Efforts would be made to get back from private collectors and museums abroad the scupltures and artefacts which were stolen or illegally taken out of the country, Union minister Salman Khurshid has said.
Terming the return of the sculpture, 'Yogini Vrishanana', from France a "big success", External Affairs Minister Khurshid today said "we have to ensure we get back from abroad our ancient sculptures and artefacts, which are the symbols of India's civilisation."
Khurshid and Culture Minister Chandresh Kumari Katoch today inaugurated an exhibition, 'Return of the Yogini', at the National Museum to mark the safe return of the sculpture to India.
Khurshid said there were a lot of problems in getting back the artefacts, not least of which was to ensure they were genuine. He also stressed on the need for curbing theft of and illegal trade in such artefacts.
Katoch hailed the return of the sculpture as a success and said all efforts would be taken to protect such artefacts.
The sculpture of Yogini Vrishanana, weighing 400kg, landed in France and was acquired by art collector Robert Schrimpf.
Later, in 2008, his wife Martine informed the Indian Embassy in Paris about her desire to donate the sculpture back to the country.
Katoch, during her visit to France earlier this year, came to know about it and asked the National Museum to bring it back. The sculpture was safely brought to India last month.
The sculpture was stolen from a Yogini temple at Lokhari village in the Mau sub-division of Banda district of Uttar Pradesh between 1983 and 2008.
The Yogini temple at Lokhari, being an unprotected site, was identified as an important historical place after the discovery of the sculptures.
It was confirmed that the tradition of esoteric forms of worship was prevalent in that region in the 10th century BC. Yoginis are a group of powerful female divinities associated with the tantric mode of worship.
Khurshid said the two sides have their own points of view, the discussions should result in a "win-win" situation for both the sides.
Minister of State in Prime Minister's Office V Narayanasamy said the government will go by the law passed by Parliament. "As far as nuclear liability is concerned, whatever the law laid down in our country, law passed by Parliament will prevail," he said.
The note said as there is a paucity of time, the AEC is not being approached for approval of the contract.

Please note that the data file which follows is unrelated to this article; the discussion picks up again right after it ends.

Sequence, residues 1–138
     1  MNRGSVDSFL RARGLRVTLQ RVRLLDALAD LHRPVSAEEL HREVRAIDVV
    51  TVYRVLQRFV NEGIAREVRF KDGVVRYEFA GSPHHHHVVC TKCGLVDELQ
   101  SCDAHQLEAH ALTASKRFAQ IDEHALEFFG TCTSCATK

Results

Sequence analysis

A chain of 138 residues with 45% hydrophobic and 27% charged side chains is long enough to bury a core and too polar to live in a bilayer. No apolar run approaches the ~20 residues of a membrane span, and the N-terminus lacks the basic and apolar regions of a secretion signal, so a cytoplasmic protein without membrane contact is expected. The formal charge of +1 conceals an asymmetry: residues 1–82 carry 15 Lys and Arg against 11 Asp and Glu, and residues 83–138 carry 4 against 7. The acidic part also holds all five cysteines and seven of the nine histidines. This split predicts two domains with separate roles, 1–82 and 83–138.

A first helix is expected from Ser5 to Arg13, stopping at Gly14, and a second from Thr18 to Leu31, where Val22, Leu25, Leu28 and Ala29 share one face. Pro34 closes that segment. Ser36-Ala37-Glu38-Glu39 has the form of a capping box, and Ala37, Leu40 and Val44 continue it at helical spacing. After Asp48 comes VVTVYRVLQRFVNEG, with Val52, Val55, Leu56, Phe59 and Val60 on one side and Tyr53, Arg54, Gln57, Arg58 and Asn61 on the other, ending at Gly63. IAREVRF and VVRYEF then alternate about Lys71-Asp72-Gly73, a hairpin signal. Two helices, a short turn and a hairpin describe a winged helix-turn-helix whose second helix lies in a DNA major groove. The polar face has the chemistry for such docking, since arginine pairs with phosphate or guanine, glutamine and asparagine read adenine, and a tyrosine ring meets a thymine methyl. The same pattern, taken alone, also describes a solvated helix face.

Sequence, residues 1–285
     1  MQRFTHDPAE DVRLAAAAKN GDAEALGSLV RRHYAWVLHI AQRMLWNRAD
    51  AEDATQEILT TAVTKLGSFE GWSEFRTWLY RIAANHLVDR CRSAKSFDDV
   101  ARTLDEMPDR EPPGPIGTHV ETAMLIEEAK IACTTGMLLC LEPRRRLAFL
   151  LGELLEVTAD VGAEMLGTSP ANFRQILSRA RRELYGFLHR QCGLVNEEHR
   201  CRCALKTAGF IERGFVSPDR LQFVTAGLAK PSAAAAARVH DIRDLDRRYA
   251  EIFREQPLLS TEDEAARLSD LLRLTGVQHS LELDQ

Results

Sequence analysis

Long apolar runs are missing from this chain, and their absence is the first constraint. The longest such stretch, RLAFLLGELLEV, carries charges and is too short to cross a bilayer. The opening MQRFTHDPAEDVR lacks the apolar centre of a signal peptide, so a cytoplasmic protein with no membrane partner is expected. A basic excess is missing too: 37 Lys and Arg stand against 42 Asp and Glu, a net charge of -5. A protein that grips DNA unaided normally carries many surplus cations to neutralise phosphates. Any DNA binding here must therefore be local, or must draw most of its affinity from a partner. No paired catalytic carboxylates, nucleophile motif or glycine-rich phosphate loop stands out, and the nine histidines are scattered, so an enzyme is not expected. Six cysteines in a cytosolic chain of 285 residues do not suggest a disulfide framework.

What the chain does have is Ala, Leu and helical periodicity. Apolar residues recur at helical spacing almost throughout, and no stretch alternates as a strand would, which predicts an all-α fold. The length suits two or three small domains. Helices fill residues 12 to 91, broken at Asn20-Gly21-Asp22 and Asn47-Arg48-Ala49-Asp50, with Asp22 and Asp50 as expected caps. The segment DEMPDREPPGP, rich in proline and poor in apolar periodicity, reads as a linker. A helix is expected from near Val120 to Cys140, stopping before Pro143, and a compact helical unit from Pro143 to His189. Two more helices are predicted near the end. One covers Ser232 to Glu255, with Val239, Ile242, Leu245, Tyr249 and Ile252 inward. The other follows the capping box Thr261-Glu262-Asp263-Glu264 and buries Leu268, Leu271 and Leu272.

"It is proposed to sign the preliminary contract prior to the visit of the Prime Minister to the USA in end-September 2013. Given the paucity of time, the approval of the Atomic Energy Commission (AEC) cannot be sought. Instead, approval of the CCS is being solicited directly," the note said.
But in its statement, the DAE maintained that the NPCIL will enter into preliminary contract only with the approval of AEC and the Central government.
"The proposed contract with Westinghouse is for a limited range of pre-project services.
NPCIL will enter into this preliminary contract only with the approval of Atomic Energy Commission and the Government of India. This contract, if approved, will not bind NPCIL to enter into a contract with Westinghouse for the supply of reactors without establishing safety and techno-commercial viability," the DAE said.
It also said the contracts, which will have to be approved by the competent authority of the government, will be fully consistent with Indian law.
"There is no question of Indian law being violated or diluted. The projects will have to meet the highest standards of safety and the power generated will have to be competitive with other sources of nuclear as well as alternative forms of power. This will apply to our projects with Russia, France and the United States," the DAE statement said.
It said as foreign suppliers as well as domestic vendors have raised a number of queries regarding the manner in which the Civil Liability for Nuclear Damage Act 2010 and its associated rules will apply to their contracts, the department had sought a legal opinion on these issues.
The opinion will be examined by the DAE and NPCIL, the statement said.
While NPCIL's negotiations with Russia's ASE for further reactors at Kudankulam are at an advanced stage and preliminary agreement has been signed with Areva of France, NPCIL is currently negotiating a preliminary contract with Westinghouse.
Various reactor manufacturing companies, including those in the US, France and Russia, are not comfortable with the Indian Civil Liability for Nuclear Disaster Act, owing to huge financial liabilities for suppliers.
The law allows NPCIL to seek partial compensation from suppliers if their reactors are involved in a nuclear accident.
Singh is travelling to the US from September 25 to 30 during which he will have a bilateral meeting with American President Barack Obama.